OECD/IEA Climate Change Expert Group Papers

This series is designed to make available to a wider readership selected papers on climate change issues that have been prepared for the OECD/IEA Climate Change Expert Group (CCXG). The CCXG (formerly called the Annex I Expert Group) is a group of government delegates from OECD and other industrialised countries. The aim of the group is to promote dialogue and enhance understanding on technical issues in the international climate change negotiations. CCXG papers are developed in consultation with experts from a wide range of developed and developing countries, including those participating in CCXG Global Forums.

The full papers are generally available only in English.

The opinions expressed in these papers are the sole responsibility of the author(s) and do not necessarily reflect the views of the OECD, the IEA or their member countries, or the endorsement of any approach described therein.


Projecting Emissions Baselines for National Climate Policy

Options for Guidance to Improve Transparency

Greenhouse gas (GHG) emissions baselines are reference emissions levels. This paper focuses on projected forward-looking baselines that can be used both to inform national climate policy and to set goals that are defined relative to a business-as-usual (BaU) scenario. As some developing countries have defined national mitigation goals for 2020 in this way, the underlying assumptions and methodologies used in setting these emissions baselines are relevant for assessing the magnitude of both the country's expected total emissions reductions and the global aggregate emissions mitigation effort.

Currently, there is limited international guidance available on setting national GHG baselines. The resulting variance and lack of transparency makes it difficult to understand emissions pledges defined as relative to BaU, and difficult to compare emissions scenarios across countries. Moving towards international guidance on setting baselines could improve transparency, clarity and comparability, while still allowing countries to maintain diversity in approaches. This paper discusses good practice and presents options for how guidance might be developed for key elements of baseline setting.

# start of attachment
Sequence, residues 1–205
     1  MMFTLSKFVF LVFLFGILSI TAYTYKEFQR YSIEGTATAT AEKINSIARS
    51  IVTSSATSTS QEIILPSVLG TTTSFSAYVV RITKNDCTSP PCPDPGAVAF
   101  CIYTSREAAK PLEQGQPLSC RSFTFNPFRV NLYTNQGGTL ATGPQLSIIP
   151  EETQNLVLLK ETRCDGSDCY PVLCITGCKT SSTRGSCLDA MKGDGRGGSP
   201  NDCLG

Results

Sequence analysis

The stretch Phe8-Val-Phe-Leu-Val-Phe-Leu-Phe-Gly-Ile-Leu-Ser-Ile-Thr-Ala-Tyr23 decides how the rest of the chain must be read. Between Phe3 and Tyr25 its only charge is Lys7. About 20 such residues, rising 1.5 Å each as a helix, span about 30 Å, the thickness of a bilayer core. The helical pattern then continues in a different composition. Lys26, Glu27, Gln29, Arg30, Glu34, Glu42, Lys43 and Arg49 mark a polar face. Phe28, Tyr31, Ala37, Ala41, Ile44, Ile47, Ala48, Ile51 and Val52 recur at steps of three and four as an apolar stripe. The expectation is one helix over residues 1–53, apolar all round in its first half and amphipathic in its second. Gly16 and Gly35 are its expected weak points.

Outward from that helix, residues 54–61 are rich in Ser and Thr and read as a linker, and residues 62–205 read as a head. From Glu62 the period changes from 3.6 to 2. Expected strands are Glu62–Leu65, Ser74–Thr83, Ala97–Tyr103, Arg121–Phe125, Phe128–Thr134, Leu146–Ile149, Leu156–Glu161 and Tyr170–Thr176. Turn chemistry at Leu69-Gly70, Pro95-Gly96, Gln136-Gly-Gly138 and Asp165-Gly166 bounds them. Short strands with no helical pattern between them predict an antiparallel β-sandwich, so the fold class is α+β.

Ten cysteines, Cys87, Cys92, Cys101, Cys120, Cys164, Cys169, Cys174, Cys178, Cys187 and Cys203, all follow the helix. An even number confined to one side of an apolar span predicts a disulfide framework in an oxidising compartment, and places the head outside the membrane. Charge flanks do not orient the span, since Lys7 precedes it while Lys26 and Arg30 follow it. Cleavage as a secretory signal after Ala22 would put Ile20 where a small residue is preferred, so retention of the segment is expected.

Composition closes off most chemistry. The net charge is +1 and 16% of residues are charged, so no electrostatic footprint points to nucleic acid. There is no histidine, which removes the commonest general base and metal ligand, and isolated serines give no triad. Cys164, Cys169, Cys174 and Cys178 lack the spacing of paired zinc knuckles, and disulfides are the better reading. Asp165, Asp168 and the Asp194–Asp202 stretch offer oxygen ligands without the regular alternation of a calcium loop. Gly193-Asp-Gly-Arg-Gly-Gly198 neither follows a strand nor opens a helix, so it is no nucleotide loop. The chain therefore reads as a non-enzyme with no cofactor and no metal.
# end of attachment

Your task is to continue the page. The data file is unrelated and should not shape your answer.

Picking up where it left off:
The options are presented as “tiers” that move from less detailed to more detailed guidance. The first tier describes guidance that would leave maximum flexibility for individual countries, whilst encouraging transparency. The second tier offers more detailed guidance for countries with greater domestic resources and capabilities. Countries could adhere to the tiers according to their capabilities, although they would be encouraged to follow the more detailed approach. The proposed tiers represent different levels of detail, rather than accuracy or data quality. More detailed guidance does not necessarily lead to “better” baselines, though it may help to improve understanding of different baselines.


Keywords: climate change, emissions baselines, emissions projections, UNFCCC
JEL: Q54: Agricultural and Natural Resource Economics; Environmental and Ecological Economics / Environmental Economics / Climate; Natural Disasters and Their Management; Global Warming; Q58: Agricultural and Natural Resource Economics; Environmental and Ecological Economics / Environmental Economics / Environmental Economics: Government Policy; Q47: Agricultural and Natural Resource Economics; Environmental and Ecological Economics / Energy / Energy Forecasting
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